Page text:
Burr tips his hand on 2016 Republican hopefuls
As you might expect from somebody who has his own race to run in 2016, Republican U.S. Sen. Richard Burr isn’t about to endorse a GOP presidential candidate.
“I support the nominee,” he said coyly. “The most electable Republican.”
But in a week when another Senate colleague formally announced for the White House, Burr offered a more candid assessment of the growing field.
▪ “(Wisconsin Gov.) Scott Walker is a tremendously attractive candidate. And (former Florida Gov.) Jeb Bush is a tremendously attractive candidate.”
▪ “(Sen.) Marco Rubio is going to be right up there in the top tier once he engages, probably next week.”
▪ “(Sen.) Rand Paul has a slice of America and a message that I think will play extremely well. I don’t see him ever getting to the critical mass he will need to be the nominee. I don’t see (Sen. Ted) Cruz being there a year from now.”
▪ “There are 10 other people … governors and former elected officials, that six months ago we talked about routinely as presidential contenders. They may jump in, but they’re not going to be contenders. … They’re going up against people who really have a message. America’s ready for a message …
▪ “(Sen.) Lindsey Graham is going to be influential. My guess is that he’ll still be in this game a year from now, not with the belief that Lindsey’s going to be the nominee, but Lindsey has a powerful message to put out there on national security. And I think national security could likely be the No. 1 issue of the 2016 race.” Jim Morrill
Brand Paul: Candidate sells swag on campaign site
U.S. Sen. Rand Paul may be trailing rivals in the polls, but he’s leading the field in branded merchandise.
According to the Kentucky senator’s website, not only can you get logoed clothing including T-shirts and hoodies but also beverage koozies ($25 for a set of six), dog tags ($15), sandals ($20) and more.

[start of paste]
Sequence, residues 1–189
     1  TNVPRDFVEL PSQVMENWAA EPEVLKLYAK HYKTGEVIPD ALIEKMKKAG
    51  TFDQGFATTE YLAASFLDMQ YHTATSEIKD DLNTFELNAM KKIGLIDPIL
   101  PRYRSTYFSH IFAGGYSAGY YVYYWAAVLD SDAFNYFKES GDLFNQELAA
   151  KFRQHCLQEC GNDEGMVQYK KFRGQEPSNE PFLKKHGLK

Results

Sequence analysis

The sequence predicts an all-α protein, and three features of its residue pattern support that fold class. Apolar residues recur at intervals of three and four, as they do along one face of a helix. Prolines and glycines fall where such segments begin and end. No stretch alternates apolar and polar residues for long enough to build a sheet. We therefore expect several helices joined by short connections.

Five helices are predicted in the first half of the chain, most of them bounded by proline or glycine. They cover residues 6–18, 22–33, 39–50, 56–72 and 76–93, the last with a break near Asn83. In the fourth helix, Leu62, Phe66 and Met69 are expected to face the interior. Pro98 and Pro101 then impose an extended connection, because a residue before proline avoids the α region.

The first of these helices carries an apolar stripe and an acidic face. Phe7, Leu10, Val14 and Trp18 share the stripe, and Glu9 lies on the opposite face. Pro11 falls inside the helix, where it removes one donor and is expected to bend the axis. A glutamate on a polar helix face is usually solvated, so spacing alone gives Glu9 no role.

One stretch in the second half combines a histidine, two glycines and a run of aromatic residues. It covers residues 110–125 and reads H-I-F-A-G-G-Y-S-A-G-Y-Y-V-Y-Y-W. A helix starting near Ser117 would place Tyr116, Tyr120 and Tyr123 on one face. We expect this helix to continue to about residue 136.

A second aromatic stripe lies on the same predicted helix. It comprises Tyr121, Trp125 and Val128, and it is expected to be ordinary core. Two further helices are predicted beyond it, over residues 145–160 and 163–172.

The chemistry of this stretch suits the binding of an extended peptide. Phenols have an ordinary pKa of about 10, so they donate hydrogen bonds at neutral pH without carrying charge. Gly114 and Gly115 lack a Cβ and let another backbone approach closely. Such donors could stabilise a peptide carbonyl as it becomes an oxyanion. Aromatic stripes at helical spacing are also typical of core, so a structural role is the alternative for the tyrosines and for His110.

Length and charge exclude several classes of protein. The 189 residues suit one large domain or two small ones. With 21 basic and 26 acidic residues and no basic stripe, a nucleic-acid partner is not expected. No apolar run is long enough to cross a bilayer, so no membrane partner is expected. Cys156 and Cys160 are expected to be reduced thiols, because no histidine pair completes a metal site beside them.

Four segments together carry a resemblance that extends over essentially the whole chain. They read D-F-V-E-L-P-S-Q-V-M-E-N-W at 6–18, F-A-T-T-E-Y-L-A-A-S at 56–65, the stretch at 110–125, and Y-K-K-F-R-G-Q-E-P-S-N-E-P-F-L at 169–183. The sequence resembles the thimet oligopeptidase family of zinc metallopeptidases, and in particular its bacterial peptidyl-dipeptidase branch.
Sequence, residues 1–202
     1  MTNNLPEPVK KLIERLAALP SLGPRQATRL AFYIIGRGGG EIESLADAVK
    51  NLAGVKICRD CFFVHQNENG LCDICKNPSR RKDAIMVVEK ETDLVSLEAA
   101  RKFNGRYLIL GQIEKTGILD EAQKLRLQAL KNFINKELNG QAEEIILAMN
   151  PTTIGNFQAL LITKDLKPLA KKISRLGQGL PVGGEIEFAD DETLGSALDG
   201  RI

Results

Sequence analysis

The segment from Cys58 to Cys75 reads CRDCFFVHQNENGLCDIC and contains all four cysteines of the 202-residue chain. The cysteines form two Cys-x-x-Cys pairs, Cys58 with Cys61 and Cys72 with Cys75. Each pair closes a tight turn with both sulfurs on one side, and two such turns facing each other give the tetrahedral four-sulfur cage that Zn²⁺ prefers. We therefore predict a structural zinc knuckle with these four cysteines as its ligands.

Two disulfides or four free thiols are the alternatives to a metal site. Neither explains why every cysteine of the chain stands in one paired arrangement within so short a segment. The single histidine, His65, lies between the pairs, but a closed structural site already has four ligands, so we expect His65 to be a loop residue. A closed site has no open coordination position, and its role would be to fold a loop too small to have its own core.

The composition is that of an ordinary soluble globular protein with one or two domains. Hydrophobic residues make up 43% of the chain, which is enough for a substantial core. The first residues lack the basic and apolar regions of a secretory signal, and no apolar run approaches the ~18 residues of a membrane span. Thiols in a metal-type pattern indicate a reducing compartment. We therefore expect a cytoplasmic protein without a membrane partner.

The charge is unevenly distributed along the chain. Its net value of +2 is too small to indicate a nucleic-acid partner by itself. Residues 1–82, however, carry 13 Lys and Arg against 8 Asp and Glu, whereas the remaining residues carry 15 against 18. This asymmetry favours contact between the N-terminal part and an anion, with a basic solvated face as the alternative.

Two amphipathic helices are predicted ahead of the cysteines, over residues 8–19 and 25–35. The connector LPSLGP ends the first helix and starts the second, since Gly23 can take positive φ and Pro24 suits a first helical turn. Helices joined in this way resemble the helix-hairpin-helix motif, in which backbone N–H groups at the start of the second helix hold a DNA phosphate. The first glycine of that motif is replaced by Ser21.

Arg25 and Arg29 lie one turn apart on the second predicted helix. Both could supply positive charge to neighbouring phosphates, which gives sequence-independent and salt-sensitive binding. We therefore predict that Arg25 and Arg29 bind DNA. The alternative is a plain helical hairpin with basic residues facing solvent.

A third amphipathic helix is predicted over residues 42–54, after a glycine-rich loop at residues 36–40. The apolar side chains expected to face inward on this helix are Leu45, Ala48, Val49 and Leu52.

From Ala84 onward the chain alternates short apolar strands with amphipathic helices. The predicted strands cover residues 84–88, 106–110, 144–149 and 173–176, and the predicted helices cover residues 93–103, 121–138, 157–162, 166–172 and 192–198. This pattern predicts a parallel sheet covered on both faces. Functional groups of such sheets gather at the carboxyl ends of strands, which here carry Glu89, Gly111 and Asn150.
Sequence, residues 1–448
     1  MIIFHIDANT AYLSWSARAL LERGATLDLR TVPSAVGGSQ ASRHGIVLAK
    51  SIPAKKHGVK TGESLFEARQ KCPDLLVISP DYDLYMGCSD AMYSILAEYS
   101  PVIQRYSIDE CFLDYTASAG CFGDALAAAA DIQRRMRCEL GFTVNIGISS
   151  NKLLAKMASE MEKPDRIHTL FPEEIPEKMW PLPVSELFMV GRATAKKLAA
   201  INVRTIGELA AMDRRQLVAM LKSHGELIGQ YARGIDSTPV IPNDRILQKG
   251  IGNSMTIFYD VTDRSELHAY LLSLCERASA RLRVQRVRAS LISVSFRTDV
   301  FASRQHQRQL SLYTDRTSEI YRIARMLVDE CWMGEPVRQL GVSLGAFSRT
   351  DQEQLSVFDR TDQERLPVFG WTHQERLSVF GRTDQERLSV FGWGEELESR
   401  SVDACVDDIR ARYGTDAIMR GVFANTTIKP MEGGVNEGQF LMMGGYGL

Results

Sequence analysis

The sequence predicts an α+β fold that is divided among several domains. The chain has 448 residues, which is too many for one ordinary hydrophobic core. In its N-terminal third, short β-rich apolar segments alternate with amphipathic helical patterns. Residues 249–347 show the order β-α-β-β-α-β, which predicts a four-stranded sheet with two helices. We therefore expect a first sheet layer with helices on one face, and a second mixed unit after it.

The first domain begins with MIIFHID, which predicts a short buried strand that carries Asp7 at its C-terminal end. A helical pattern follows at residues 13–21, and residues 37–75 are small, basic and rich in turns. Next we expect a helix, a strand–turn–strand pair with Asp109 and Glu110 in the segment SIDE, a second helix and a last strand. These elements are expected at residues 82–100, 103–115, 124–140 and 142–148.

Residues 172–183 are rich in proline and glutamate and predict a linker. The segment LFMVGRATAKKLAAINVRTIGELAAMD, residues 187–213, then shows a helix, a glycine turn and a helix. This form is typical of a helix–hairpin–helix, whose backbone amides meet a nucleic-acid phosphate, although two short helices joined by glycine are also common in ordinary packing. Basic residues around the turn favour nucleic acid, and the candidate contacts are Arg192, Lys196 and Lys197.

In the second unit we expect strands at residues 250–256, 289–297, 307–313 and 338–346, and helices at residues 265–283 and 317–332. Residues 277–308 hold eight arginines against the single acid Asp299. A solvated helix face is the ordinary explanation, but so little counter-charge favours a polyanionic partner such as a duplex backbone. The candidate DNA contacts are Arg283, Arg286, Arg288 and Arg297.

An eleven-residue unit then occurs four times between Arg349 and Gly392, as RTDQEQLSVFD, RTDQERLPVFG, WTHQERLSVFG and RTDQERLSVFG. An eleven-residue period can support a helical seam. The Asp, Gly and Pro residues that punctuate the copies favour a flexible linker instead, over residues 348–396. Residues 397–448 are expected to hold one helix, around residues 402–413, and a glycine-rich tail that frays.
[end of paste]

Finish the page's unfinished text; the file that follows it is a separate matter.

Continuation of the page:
For $15, you can even get an “NSA Spy Cam Blocker” to cover the camera on your computer. (“Stop hackers and the NSA with this simple camera blocker.”) Jim Morrill
Barber to give speech for Harvard’s Moral Monday 101
The Rev. William Barber can add Harvard to his resume.
The president of the N.C. NAACP and leader of the Moral Mondays movement was scheduled to deliver the keynote address Saturday at the Kennedy School’s annual Black Policy Conference. Barber also was scheduled to speak to students and lead a workshop at the Harvard Divinity School on building a popular movement. Jim Morrill
Commissioner Jim Puckett dresses for the occasion
You could use many adjectives to describe Mecklenburg County commissioner Jim Puckett. Bashful is not one.
At last week’s commission meeting, Puckett was on the agenda to read a resolution proclaiming April as Scottish Heritage Appreciation Month. So he came in full Scottish regalia – including a MacAlister tartan kilt, knee socks and waist coat.
Puckett, always the devoted son of northern Mecklenburg County that he represents, took the moment to plug next weekend’s Loch Norman Highland Games at historical Rural Hill, home of Maj. John Davidson, Puckett’s great-great-great-great-great-great-great-grandfather.
Puckett’s family settled in that area in the mid-1700s, and he’s spent most his life there.
“They came to America looking for freedom,” he said. “They said: ‘I don’t want government to bother me, just let me be.’ They were a self-reliant and independent people, just looking to be left alone.”
During introductions of the board members, after commissioner Vilma Leake said she represented the county’s “most powerful district,” Puckett said his district was the “most bonnie district.”
Meaning in Scottish: Prettiest. David Perlmutt
Making the ballot more accessible in N.C.
North Carolina has long had one of the nation’s toughest ballot access laws, if not the toughest.
Once again, some House members are trying to change that.
Rep. Jason Saine, a Lincolnton Republican, has joined Durham Democratic Rep. Paul Luebke and others to sponsor the Voter Freedom Act of 2015.
It would reduce the number of signatures a new political party or independent candidate needs to qualify for the ballot from around 89,000 to around 11,000. The bill has 28 co-sponsors who span the ideological spectrum.
“If you believe in any kind of electoral reform, it starts with choice – more voices heard, more people on the ballot, making it easier to run for office,” said Brian Irving of Cary, vice president of a group called Free The Vote that supports the measure.
Similar bills have been introduced before. They’ve passed the House only to die in the Senate. Saine said he hopes the Senate gives this one a chance.
“With the unaffiliated (voters) increasing each year, I think there’s obviously a hunger for other options on the ballot,” he said. “And this is a way to do it.” Jim Morrill